Understanding Capital Gains

A capital gain is a profit that results from the sale of an asset, such as stocks, bonds or real estate, which amounts to more than the purchase cost. This difference between sale price and original price (cost basis) is the capital gain. Capital gains  are often calculated for tax purposes and are not based on the purchase price but on its adjusted cost basis.

The IRS provides for a tax exemption on capital gains from the sale of a principal residence. Be sure to check with your Accountant or CPA for professional insight.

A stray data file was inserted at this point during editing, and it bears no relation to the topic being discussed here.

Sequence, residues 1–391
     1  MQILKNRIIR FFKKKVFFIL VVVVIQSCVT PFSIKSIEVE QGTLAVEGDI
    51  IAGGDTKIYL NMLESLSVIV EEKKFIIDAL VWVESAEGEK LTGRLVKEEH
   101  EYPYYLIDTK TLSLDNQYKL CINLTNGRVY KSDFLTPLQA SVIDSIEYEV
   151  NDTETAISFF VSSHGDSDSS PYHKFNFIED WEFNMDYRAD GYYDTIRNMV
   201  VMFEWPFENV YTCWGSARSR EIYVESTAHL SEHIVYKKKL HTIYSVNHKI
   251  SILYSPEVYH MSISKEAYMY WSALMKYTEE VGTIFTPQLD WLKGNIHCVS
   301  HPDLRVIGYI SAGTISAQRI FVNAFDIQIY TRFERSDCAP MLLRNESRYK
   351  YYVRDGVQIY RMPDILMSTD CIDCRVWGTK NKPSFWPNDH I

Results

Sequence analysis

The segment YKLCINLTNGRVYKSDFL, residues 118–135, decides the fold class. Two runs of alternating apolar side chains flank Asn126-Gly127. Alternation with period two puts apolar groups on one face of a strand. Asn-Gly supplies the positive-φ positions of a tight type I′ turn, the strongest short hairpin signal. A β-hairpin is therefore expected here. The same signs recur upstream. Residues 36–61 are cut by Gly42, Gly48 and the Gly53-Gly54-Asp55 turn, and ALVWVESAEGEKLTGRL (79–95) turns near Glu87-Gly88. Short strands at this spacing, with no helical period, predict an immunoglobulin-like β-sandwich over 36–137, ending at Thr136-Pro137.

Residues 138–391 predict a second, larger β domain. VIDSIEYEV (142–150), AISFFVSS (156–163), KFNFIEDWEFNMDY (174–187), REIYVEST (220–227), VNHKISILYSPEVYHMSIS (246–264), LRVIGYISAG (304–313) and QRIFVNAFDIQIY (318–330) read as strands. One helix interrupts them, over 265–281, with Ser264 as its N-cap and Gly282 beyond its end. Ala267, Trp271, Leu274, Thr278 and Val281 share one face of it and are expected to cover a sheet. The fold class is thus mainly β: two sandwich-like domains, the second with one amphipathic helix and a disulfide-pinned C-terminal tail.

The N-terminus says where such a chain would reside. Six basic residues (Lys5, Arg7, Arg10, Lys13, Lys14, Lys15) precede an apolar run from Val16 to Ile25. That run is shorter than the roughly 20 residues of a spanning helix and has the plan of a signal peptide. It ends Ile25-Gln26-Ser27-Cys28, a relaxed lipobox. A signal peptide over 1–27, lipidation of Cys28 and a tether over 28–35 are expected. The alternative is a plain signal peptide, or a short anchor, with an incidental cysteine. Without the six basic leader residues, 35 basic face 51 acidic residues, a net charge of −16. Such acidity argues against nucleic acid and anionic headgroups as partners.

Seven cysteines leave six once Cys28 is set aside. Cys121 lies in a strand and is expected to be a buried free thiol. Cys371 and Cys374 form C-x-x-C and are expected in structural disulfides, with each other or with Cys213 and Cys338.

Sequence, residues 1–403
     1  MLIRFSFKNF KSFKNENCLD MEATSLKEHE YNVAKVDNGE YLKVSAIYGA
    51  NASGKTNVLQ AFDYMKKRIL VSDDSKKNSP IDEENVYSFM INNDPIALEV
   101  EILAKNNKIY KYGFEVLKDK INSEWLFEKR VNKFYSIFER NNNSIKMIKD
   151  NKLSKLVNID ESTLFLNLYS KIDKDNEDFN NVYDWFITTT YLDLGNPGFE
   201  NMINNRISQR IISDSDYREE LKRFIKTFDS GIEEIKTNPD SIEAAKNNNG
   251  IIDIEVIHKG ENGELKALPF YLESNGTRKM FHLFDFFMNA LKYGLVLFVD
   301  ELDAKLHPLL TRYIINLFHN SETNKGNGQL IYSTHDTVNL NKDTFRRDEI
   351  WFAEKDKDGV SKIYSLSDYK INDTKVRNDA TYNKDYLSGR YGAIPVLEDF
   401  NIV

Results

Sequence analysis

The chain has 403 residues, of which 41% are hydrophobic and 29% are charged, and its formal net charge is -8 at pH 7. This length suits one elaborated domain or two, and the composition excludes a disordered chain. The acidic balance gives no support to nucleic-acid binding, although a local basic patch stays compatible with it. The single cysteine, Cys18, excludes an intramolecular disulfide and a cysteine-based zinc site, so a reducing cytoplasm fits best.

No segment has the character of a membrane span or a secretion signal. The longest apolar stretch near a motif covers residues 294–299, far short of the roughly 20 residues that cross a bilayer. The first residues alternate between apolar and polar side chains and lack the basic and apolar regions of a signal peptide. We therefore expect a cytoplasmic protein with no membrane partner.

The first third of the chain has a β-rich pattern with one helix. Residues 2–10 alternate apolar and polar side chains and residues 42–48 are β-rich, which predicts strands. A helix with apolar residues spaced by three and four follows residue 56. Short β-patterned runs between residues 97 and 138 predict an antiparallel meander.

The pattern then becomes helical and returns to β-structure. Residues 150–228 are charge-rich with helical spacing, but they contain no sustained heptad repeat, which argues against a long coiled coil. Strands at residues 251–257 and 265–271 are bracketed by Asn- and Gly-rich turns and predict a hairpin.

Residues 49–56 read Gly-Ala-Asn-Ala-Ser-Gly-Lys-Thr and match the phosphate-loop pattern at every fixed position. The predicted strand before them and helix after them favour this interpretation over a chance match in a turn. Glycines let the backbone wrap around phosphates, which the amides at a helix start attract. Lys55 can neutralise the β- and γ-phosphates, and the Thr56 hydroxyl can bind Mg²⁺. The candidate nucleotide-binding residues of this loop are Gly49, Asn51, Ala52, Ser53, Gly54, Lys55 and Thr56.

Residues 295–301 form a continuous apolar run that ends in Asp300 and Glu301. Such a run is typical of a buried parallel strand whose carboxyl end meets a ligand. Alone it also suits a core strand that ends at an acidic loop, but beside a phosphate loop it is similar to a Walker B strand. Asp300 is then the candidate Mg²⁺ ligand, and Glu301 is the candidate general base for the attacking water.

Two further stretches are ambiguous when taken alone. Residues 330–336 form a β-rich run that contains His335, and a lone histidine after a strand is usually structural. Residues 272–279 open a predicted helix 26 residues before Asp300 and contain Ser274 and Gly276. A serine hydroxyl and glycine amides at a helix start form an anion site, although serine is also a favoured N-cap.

First, take the purchase price of the home. This is the sales price not the amount of money contributed at closing.

Second, determine the sales price or the final amount received in exchange for its recent sale.

Third, add adjustments:

+ cost of purchase, including inspections, transfer fees, attorney fees

+ with the exception of points paid on a mortgage

+ cost of improvement, including decks, casitas, room additions with the exception of repair or replacement to something already in existence such as a roof or air conditioning unit

+ cost of sale, including inspection fees, attorney’s fees, commissions and money spent on the home to ready it for sale

finally, total the adjusted sale price and subtract the adjusted cost basis from the amount the home is sold for to determine the capital gain.

(from Title360 Home Seller’s Guide)

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